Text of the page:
Something Special in the Air

 

How to Train Your Dragon 2

by George Wolf

They had me at “Drago Bloodfist.”

Actually, they had me four years ago, when the original How to Train Your Dragon was not only one of the best films of 2010, but one of the most visually stunning 3D films ever.

Part 2 may fall a hair short of those original lofty heights, but you can still expect an exhilarating, often eye-popping family adventure.

Writer/director Dean DeBlois returns to catch us up with Hiccup (voiced by Jay Baruchel) and his dragon, Toothless, five years after they showed their village that dragons and Vikings can be buddies after all.

Things aren’t so harmonious in neighboring villages, as the evil pirate Bloodfist (Djimon Hounsou) has his henchmen always on the hunt, looking to capture new additions for a growing dragon army. Hiccup favors reasoning with the pirates but his father, Chief Stoick the Vast, (Gerard Butler) prefers a pre-emptive strike.

With obvious parallels to current global terrorism, HTTYD2 offers more mature, darker themes, but wisely doesn’t overplay this hand. The franchise, with part 3 already on the way, continues to be anchored by the bonds of family and friends, and the special relationship that can develop between man and beast.

What may make the younger viewers start to fidget are two backstory sequences, one involving Bloodfist and another featuring Hiccup’s mother Valka (Cate Blanchett). Though hardly fatal flaws, the compelling nature of the story begins to wander away, safely returning when Hiccup and Toothless get back into focus.

As the showdown between pirates and Vikings draws near, the visual elements continue to impress. With an assist from esteemed cinematographer Roger Deakins, the effects department again illustrates the glorious possibilities of 3D animation. The in-flight sequences make the heart race, and when Valka runs to the edge of a cliff to grasp the size of the approaching armada below, the aerial shot is simply breathtaking.

Boasting inspired storytelling, magical visuals and enough subtle, real world sensibility to give it resonance, HTTYD2 keeps this franchise crackling with vitality.

 Verdict-3-5-Stars

 

Dead Man’s Party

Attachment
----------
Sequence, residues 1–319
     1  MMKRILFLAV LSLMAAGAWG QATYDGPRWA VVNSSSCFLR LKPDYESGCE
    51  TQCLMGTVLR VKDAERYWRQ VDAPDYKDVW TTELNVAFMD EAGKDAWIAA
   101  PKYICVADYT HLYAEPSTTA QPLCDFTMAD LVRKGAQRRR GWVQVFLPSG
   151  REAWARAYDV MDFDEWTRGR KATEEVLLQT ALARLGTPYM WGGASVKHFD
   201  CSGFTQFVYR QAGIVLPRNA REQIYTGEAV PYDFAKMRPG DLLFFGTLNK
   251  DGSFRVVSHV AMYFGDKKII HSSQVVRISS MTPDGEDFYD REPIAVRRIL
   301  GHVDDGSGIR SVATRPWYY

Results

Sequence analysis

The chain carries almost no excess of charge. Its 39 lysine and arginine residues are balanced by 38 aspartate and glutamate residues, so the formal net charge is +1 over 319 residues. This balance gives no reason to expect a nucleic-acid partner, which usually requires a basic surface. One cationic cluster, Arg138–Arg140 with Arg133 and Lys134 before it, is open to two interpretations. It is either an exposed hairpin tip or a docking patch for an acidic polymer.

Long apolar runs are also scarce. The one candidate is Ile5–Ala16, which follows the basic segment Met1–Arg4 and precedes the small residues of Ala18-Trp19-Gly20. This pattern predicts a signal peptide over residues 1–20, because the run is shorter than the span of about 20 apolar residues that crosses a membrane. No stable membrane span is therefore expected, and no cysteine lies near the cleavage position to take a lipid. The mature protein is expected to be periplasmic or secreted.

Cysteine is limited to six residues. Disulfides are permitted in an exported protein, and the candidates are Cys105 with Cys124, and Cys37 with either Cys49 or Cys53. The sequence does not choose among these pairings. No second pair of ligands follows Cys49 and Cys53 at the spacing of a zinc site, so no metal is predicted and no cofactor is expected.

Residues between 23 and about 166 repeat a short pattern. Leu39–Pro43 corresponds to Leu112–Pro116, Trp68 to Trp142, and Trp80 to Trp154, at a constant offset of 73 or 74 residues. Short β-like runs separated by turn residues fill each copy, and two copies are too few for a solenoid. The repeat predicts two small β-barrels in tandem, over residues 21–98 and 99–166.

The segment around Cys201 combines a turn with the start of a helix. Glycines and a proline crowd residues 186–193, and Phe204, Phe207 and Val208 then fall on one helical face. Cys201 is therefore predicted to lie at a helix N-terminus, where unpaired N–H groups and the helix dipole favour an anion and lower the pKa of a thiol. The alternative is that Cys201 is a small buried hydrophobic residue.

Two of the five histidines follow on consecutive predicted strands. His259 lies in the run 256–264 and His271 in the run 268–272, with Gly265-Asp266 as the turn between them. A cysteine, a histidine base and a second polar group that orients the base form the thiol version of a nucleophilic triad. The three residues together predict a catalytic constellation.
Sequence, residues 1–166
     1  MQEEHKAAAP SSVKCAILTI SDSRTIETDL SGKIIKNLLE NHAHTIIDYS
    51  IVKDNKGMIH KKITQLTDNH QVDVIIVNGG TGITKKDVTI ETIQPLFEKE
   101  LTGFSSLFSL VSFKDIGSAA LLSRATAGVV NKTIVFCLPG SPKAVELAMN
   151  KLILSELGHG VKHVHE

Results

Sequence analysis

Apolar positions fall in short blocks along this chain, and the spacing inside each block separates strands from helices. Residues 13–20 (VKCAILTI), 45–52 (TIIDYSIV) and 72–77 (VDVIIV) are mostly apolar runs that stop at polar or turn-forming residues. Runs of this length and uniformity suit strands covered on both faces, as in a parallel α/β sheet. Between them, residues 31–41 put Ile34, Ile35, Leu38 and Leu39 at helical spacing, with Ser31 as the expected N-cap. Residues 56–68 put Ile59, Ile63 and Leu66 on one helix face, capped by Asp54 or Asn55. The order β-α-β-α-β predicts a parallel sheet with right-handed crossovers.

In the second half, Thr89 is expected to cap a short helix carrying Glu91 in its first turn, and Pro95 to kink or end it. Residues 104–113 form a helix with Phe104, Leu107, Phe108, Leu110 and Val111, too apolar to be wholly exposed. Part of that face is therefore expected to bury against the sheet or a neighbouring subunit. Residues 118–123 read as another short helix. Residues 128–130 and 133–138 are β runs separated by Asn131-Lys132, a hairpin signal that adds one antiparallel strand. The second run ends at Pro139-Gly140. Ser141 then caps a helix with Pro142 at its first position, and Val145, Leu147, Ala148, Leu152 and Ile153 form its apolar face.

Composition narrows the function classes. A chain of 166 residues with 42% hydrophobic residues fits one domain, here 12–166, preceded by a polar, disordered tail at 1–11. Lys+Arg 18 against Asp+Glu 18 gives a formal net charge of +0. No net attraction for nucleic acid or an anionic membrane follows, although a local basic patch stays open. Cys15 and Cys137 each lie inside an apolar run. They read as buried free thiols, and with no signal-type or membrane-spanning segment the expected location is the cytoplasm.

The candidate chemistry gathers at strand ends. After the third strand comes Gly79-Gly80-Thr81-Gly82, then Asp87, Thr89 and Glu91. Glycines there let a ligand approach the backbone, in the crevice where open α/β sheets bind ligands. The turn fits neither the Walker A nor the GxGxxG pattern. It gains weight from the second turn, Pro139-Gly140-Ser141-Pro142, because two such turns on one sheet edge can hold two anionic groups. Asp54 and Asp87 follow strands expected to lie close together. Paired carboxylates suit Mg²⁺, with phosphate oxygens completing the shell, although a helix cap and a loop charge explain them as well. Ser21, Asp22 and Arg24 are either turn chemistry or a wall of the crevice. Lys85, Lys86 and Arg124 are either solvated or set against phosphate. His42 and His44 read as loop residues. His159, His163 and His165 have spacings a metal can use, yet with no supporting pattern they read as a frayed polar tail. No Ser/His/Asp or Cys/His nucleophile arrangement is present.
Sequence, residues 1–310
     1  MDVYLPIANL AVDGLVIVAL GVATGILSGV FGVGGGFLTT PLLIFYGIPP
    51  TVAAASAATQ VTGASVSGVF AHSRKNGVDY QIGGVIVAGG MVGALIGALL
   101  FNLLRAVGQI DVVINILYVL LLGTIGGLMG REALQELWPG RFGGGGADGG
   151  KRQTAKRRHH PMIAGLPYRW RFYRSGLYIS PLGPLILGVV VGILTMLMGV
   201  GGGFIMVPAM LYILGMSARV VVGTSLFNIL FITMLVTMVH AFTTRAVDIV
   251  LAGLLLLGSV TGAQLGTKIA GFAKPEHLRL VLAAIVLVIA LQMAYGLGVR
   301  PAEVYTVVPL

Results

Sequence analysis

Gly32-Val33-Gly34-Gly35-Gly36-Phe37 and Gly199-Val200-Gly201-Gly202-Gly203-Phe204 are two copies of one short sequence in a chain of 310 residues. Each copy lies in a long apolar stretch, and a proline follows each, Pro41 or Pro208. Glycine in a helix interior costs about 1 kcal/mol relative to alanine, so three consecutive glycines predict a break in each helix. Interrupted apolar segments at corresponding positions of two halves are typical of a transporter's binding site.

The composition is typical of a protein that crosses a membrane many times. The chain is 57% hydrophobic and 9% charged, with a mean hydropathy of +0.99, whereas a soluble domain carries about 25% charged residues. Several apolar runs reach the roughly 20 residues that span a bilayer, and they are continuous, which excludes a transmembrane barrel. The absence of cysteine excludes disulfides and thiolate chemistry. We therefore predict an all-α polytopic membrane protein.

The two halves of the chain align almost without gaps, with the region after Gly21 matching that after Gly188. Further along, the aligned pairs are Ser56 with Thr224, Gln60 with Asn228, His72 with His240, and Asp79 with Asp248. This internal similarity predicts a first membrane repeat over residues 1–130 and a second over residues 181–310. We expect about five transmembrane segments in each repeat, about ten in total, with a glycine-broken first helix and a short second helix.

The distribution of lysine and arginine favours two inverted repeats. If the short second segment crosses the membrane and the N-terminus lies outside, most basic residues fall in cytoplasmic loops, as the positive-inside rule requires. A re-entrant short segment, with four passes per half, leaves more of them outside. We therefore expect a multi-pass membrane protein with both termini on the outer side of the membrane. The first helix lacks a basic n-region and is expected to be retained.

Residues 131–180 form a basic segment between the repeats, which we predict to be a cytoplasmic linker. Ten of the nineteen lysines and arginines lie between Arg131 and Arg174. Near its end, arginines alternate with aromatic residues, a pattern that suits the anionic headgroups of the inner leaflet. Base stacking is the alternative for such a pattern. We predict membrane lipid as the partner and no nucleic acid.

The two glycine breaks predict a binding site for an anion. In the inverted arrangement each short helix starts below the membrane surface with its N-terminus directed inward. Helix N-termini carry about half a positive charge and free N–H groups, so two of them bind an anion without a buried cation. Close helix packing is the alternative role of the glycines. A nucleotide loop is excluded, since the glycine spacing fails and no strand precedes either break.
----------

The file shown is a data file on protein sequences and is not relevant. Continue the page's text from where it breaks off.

by George Wolf

 

You know what This Is the End made me think of? Dear, departed Father Art from my church.

Stay with me.

Father Art used to surprise the faithful by occasionally dropping Howard Stern’s name into the homily, citing Stern as someone who, underneath the raunch, had a positive message:  do what you’re supposed to do.

This Is The End also has a positive message, stressing selflessness as a key to salvation. Sure, this message is mixed with heapin’ helpings of sex, drugs and profanity, but it’s a combination that produces some pretty funny shit.

Your reaction will most likely depend on how much you enjoy the comedy stylings of Seth Rogan and Evan Goldberg, seen at their peak in films such as Pineapple Express, Superbad and Knocked Up. Co-writing and directing This Is the End, they’ve expanded their 2007 short Jay and Seth Versus the Apocalypse into the funniest film of the year.

Seth is Rogan, and Jay is his buddy Jay Baruchel, who comes to LA hoping for a low-key visit. Instead, Rogan takes him to a rockin’ party at James Franco‘s place where, amid plenty of famous faces, the rapture begins.

As the final battle rages outside, Franco, Rogan and Baruchel are joined by Jonah Hill, Craig Robinson and Danny McBride for a star studded celebrity survivor sleepover!

Things get pretty crude (so much so that Rogan has said he expected an NC-17 rating instead of the R they received), but the result is far from dumb humor. Self-deprecation is always endearing, and the gang uses it well, lampooning their films, their images, and the self-absorbed nature of celebrity culture.

It’s a wild ride featuring great cameos (well done Channing Tatum and Michael Cera) and fine ensemble work from a bunch of funny guys who play themselves with undeniable comic chemistry and a sense of camaraderie that makes them fine company for the end of days.

Remember, they have a plan to be among the chosen, and you’ll most likely be laughing too hard to argue with it.

 

Verdict-4-0-Stars